The Arctic Ocean is at the extreme north of the Earth. It exists at and round the North Pole and most of it is frozen for the whole year round.  In winter explorers have trekked over the ice to the North Pole. The Arctic Ocean is smaller and shallower than the other Oceans and it is sometimes called the Arctic Sea. The corresponding ocean near the South Pole is the Southern Ocean.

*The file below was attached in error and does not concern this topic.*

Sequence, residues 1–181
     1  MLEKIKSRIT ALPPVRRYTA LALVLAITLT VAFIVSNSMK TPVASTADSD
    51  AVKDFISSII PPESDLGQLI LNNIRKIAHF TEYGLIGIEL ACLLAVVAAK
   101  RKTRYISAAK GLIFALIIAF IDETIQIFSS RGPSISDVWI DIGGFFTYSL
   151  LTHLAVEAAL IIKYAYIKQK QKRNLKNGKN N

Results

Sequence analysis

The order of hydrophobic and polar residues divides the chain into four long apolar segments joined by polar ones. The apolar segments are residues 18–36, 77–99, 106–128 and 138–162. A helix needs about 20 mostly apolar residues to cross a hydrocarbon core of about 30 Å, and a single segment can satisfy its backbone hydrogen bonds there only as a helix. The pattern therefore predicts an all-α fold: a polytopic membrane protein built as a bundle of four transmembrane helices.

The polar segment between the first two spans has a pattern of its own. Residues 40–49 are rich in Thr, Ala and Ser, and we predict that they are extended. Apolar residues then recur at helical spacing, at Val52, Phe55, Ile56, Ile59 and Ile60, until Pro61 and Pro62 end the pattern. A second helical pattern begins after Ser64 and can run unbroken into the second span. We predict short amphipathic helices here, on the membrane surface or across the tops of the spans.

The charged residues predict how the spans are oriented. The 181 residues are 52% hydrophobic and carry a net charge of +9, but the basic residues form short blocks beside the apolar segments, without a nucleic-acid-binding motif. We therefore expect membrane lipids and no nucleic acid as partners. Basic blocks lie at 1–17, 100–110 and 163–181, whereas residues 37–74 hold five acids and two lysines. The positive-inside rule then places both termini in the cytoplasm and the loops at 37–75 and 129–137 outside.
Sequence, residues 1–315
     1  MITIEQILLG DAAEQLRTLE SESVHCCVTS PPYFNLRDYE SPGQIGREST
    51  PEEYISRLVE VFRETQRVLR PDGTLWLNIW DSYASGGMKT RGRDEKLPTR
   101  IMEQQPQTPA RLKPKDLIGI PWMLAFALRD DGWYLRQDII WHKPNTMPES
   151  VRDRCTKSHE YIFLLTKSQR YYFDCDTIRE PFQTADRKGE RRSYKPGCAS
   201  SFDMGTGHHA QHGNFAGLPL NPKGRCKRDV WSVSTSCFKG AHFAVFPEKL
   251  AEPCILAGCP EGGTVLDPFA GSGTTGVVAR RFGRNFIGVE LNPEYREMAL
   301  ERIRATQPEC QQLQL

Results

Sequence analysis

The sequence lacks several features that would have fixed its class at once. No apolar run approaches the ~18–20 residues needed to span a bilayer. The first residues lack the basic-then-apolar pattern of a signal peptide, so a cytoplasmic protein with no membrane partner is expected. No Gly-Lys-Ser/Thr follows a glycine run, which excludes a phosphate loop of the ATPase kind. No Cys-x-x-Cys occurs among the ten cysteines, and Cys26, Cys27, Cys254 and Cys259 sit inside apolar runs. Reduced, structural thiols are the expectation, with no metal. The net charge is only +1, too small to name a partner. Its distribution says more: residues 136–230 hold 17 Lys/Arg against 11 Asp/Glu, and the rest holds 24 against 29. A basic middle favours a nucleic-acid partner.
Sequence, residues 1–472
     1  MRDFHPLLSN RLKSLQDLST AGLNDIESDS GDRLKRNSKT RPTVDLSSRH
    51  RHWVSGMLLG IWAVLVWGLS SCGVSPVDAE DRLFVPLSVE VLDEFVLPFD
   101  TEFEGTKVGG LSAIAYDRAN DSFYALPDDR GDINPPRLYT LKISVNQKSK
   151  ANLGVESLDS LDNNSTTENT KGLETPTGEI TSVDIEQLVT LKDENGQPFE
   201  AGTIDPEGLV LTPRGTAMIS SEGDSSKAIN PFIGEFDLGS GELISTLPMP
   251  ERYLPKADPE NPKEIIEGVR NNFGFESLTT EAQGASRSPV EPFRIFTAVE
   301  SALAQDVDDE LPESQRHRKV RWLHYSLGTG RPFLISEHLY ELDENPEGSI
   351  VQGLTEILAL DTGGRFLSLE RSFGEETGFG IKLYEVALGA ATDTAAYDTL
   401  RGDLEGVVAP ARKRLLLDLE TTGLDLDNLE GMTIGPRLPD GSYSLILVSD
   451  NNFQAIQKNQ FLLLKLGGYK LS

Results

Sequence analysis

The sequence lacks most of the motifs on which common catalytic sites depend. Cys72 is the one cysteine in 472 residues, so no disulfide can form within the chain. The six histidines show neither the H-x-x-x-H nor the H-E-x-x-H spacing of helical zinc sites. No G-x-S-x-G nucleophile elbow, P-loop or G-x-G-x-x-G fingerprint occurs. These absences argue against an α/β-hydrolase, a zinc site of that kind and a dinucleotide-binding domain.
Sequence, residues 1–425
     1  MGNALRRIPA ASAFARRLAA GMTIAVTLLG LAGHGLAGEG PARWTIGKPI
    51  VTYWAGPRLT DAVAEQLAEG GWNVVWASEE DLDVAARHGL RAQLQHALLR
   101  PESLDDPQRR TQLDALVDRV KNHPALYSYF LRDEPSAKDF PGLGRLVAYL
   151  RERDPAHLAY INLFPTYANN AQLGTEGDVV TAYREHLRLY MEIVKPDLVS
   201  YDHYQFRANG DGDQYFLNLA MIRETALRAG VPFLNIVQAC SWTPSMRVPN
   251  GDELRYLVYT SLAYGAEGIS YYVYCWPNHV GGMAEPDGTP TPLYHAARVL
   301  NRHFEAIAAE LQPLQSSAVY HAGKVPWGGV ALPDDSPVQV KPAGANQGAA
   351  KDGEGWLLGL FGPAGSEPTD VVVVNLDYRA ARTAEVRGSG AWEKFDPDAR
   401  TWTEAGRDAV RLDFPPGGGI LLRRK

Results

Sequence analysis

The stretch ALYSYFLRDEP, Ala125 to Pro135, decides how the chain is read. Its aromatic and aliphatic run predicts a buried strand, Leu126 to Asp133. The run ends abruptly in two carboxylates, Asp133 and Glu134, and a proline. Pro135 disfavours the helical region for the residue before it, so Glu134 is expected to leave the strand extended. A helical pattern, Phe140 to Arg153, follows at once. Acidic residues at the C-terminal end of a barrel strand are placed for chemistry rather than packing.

One fact of great potential importance is now being studied—the Arctic Ocean is warming. Recorded temperatures, glacial regressions, and the appearance of observed species of fish in larger numbers, at higher latitudes, at earlier seasons, and for long periods prove that over the decades a "climatic improvement" has taken place. Similar changes have been reported in sub-Arctic latitudes. Whether this warming is a phase in a cycle or a permanent development has long been a question, but most scientists now believe that it is due to global warming. The warming may be affecting wind patterns above the region, amplifying the depletion of the ozone layer and possibly increasing precipitation. The area of the Arctic Ocean covered by year-round ice has decreased considerably since the late 1970s, and an increased amount of fresh water is entering the ocean from bordering rivers. Most researchers expect that, due to global warming, the ocean will become ice-free during the summer sometime between 2030 and 2070. Ice melting in the Arctic and Antarctic could raise sea levels and submerge many low lying cities.